Most Indian law graduates prefer to join only in corporate sectors and law firms and they barely prefer to work in the judiciary either because of Judicial Service Exam or peanut salary. At the end of the day what matters is money so doubtlessly main rationale I could conclude for baking off could be definitely because of peanut salary. Same is the case with our Bhutanese Judiciary, peanut salary for judicial officers. Despite this, lawyers still prefer judiciary owing to the fact that Judiciary confers a unique title ‘Dasho with long sword and green scarf’ to every judge right from assistant judge. So more scope to fetch that title in long run if they join judiciary.
 Unlike India in Bhutan despite Judicial Service Act already in place until now we don’t have Judicial Service Exam.  I guess the day is not far for Judicial Exam to be in place but  lets not hope for at least next few years, let my chance come first huh!!!!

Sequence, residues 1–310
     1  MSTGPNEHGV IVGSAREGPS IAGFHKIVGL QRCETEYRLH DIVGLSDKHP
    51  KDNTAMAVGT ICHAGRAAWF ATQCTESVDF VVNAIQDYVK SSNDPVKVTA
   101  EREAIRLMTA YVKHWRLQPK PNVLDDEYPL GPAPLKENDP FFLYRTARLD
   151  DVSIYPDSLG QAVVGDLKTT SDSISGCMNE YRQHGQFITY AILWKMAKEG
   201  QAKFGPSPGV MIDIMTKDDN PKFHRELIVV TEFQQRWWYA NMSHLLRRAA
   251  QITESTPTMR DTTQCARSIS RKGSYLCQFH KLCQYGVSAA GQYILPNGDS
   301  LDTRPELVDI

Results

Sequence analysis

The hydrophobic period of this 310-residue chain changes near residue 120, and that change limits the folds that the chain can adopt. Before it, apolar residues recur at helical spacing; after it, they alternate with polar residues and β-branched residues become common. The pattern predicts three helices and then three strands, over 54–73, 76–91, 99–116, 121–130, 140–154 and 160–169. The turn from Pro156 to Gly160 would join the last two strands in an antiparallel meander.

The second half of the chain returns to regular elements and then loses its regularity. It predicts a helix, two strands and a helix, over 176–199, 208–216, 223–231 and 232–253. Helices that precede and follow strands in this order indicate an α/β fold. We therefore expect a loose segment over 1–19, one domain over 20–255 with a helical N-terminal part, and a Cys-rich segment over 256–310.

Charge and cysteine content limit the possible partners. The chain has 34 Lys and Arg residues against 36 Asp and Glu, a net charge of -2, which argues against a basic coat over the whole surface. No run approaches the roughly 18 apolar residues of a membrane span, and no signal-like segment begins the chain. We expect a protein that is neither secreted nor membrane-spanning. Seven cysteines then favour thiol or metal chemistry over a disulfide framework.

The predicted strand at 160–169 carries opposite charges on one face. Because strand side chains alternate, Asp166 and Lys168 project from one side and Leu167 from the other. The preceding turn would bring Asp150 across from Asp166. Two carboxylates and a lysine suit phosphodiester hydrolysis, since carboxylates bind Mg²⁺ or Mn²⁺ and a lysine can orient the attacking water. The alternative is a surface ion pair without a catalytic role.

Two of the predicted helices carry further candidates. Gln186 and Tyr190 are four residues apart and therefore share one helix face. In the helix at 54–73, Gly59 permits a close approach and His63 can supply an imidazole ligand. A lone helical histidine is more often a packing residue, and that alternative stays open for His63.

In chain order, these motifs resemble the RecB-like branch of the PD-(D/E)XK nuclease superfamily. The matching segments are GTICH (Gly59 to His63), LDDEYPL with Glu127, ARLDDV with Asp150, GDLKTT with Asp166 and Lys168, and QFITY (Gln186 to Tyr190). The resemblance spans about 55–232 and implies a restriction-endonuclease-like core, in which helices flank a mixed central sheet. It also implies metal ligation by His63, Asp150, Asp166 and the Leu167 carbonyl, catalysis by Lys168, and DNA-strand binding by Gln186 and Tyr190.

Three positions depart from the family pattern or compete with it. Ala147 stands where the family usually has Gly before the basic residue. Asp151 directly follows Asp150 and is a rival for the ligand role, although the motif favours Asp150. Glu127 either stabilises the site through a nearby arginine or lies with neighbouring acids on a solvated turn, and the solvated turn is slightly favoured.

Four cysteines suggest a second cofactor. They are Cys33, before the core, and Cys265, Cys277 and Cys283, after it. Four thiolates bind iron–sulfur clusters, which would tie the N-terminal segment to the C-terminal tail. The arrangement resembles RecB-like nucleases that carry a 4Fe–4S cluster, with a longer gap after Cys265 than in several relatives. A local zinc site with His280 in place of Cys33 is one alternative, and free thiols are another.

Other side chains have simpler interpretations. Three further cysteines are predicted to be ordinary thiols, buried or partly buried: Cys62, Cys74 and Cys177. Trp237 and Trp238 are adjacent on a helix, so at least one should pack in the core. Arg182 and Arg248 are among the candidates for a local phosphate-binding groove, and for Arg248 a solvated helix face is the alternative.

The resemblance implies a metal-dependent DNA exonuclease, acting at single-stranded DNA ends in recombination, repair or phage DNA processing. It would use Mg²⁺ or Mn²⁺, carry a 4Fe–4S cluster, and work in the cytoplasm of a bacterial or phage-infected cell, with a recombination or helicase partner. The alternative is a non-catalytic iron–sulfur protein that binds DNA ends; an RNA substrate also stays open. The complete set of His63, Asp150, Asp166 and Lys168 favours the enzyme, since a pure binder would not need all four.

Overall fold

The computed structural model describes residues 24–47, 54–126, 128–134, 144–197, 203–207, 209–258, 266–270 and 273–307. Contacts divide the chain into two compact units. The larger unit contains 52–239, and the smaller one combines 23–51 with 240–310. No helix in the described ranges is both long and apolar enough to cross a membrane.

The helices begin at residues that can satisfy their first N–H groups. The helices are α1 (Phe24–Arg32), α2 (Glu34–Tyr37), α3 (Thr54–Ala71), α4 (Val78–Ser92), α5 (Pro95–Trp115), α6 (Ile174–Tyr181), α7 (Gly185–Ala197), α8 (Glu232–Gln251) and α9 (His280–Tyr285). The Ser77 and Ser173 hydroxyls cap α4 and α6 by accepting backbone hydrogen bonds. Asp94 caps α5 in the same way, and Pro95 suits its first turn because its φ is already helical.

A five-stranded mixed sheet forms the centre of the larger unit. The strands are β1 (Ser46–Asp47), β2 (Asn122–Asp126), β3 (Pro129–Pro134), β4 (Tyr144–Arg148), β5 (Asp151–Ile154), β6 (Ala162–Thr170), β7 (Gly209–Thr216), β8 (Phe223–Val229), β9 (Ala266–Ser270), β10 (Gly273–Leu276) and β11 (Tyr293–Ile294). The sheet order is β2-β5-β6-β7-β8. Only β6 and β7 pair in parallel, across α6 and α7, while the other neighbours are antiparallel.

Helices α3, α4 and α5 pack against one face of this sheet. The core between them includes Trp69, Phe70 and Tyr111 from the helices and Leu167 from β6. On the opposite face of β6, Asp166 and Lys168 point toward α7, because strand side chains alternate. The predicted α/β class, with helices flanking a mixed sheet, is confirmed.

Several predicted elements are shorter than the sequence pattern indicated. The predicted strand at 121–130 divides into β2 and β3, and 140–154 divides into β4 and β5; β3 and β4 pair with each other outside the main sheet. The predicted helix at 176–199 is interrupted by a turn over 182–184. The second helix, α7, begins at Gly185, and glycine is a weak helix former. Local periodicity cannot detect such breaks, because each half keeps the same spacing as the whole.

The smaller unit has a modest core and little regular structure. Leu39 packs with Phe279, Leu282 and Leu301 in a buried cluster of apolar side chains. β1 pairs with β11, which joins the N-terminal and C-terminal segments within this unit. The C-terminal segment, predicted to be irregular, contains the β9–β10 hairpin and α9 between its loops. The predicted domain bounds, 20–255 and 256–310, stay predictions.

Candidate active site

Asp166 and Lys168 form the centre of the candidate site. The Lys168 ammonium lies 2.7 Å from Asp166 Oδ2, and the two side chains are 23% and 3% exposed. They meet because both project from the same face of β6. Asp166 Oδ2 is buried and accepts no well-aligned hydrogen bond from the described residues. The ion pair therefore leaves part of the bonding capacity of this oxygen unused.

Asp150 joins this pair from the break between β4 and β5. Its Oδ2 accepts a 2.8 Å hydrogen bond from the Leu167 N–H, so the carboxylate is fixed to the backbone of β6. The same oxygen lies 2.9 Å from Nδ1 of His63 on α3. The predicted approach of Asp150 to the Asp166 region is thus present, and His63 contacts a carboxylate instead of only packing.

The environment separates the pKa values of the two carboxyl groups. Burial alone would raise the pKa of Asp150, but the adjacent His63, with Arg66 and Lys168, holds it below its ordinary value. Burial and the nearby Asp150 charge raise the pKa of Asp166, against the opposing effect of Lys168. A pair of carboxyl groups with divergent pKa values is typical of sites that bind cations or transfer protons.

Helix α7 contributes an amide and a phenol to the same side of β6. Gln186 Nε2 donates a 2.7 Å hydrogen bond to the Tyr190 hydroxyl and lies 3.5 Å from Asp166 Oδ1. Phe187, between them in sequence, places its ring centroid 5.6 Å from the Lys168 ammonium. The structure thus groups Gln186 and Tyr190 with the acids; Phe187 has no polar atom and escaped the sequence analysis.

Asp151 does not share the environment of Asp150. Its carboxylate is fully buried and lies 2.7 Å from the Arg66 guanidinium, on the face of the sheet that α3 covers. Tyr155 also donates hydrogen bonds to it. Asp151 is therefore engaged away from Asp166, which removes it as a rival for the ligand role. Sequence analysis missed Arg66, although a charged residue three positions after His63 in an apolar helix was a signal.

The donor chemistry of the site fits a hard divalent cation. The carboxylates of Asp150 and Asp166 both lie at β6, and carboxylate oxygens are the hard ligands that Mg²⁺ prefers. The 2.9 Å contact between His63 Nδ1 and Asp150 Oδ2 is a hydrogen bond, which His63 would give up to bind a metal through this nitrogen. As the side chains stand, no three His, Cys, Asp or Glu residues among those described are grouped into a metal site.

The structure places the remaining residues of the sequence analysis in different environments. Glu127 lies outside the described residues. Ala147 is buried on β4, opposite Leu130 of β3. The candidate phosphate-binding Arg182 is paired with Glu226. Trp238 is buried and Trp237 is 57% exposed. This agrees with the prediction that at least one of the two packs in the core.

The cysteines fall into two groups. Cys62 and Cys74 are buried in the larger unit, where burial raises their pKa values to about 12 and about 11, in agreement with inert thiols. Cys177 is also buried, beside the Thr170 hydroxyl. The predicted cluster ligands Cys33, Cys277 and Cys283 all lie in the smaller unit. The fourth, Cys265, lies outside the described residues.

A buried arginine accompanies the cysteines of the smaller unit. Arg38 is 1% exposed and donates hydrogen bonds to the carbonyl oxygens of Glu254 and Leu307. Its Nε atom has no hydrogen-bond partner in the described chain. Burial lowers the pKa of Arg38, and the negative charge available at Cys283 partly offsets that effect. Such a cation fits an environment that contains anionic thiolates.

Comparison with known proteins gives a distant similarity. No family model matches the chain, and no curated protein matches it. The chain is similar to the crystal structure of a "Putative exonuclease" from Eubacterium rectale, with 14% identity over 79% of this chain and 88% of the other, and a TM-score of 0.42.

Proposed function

Saturday, March 13, 2010 | By: CHIMI DORJI

Mid Semester Exam on the horizon

Our every second semester  of  the  every academic year is very short but despite this it’s imbued with plethora of academic activities and mandates because of which we feel semester gets over in a wink. Since last exam we had it’s been not even a month and again another exam, the mid semester exam which is our second exam of the semester, is on the horizon, just one day away.
Who cares to study until eleventh hour? I reeled my head toiling round the clock for couple of days, nevertheless a long way to go, still left few chapters. But I’ve only a day left and I wonder how far a day will make a difference. I proceed  on and on,completing chapters and chapters but by the time I complete all chapters my tiny memory has already started losing whatever I’ve completed and already made his half way doing this, because of which sometimes I wish I’ve computer brain so that I wont lose already completed portions.